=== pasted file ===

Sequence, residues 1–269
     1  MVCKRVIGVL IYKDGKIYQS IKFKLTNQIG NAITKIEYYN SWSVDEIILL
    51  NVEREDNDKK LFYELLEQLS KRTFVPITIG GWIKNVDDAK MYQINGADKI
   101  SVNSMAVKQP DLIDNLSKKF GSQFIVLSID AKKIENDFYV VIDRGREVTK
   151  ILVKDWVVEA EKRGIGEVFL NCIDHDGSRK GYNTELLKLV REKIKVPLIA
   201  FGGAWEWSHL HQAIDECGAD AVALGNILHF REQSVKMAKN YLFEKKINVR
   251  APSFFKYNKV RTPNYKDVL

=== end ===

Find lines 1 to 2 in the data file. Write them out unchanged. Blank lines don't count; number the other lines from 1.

Sequence, residues 1–269
     1  MVCKRVIGVL IYKDGKIYQS IKFKLTNQIG NAITKIEYYN SWSVDEIILL